If you’ve ever paid a speeding ticket, you probably think fines are more about generating revenue than improving highway safety.
Not so long ago, you had to drive on the sidewalks to get a traffic ticket in Atlanta, but, as budgets got tighter, police started writing more tickets to fund raises.
A time-honored way of warning your fellow man about speed traps has been to flash your headlights at approaching motorists. This is especially useful on most of I-16, the locations listed here, and anywhere else the sheriff is the judge’s cousin.
According to some police officers, flashing your headlights is illegal, but it’s not in Georgia, according to my hasty review of the Georgia Code, but I’m no lawyer and its possible you can be charged.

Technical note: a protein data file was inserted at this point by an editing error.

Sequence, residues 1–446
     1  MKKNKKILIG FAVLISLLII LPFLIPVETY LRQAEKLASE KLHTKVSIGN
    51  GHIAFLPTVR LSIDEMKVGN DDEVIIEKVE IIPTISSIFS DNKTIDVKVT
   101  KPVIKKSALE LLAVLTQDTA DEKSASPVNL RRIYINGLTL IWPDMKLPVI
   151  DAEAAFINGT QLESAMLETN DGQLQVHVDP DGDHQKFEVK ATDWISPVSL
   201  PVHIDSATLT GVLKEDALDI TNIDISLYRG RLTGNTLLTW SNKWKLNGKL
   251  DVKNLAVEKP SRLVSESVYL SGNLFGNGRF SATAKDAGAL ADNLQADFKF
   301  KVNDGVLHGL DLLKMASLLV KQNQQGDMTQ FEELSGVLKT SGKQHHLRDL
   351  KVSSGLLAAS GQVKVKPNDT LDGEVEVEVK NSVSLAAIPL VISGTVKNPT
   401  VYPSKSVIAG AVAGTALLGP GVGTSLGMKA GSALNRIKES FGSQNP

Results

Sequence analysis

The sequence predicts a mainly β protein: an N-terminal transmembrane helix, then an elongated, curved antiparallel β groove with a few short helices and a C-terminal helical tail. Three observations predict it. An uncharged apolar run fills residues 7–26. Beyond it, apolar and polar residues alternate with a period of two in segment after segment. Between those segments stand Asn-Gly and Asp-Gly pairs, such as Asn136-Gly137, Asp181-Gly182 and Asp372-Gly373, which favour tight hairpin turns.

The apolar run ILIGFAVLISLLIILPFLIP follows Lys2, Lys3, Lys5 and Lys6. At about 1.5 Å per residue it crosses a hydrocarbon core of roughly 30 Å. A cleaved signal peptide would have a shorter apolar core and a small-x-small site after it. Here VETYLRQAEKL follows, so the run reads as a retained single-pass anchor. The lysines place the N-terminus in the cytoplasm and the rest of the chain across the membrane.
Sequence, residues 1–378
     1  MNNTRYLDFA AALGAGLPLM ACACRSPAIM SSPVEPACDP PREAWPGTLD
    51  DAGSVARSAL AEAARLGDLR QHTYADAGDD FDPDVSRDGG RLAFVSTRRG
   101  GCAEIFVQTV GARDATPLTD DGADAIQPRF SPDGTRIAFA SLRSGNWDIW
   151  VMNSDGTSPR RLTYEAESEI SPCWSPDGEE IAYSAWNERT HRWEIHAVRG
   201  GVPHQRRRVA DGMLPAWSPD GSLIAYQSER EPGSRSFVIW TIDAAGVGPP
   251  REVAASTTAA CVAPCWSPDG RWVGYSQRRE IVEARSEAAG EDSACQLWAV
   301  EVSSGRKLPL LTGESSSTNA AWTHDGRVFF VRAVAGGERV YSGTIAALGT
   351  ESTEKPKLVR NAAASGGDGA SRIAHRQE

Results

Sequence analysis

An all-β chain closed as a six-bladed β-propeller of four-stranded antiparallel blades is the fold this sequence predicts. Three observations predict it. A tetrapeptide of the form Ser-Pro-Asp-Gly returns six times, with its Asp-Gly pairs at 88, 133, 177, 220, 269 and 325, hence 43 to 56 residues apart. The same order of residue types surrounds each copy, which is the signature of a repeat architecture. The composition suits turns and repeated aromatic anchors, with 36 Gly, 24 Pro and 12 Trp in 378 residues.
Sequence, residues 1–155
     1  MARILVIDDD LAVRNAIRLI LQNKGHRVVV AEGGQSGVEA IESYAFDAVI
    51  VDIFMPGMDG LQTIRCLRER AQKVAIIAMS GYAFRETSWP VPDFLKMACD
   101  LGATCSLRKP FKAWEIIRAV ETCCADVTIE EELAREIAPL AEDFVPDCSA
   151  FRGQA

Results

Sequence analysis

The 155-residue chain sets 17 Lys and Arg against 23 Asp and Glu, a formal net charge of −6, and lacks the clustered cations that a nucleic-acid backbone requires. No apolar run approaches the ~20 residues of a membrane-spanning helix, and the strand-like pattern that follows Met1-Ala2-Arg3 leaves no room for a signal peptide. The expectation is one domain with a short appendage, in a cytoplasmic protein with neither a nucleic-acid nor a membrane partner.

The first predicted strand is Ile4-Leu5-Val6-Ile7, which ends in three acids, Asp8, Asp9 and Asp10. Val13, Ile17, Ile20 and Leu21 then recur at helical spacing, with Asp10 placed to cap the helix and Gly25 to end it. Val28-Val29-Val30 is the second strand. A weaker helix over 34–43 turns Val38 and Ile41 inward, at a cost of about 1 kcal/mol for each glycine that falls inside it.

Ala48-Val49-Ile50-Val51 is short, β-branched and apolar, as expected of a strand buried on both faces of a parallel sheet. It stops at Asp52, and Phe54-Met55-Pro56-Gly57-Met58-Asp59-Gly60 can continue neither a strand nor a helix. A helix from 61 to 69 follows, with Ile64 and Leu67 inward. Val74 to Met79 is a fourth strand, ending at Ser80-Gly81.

Fortunately for liberty and people in other states, a federal judge in Missouri has ruled flashing your headlights to warn other motorists of speed traps is a protected right under the First Amendment of the Constitution.
In 2012, all-around good guy and noted American Michael Elli was given a $1,000 ticket for flashing his headlights in the city of Ellisville, which sounds like the name of a city someone named Elli could get away with all kind of things, but I guess not.
Elli contested the ticket and the city dropped the case. Elli, along with the ACLU, filed a lawsuit anyway, saying his “freedom of speech” had been violated by flashing blue lights.
On Monday, the judge ordered the city to stop punishing drivers for using their high beams as warning signals.
In Florida, even though there is no specific law against flashing headlights, PO’d police officers were writing tickets for “misuse” of vehicle equipment.
Federal judges in the Sunshine State have made similar rulings, saying Americans have a right to warn fellow motorists of speed traps.
Now, what can we do about these red light cameras?
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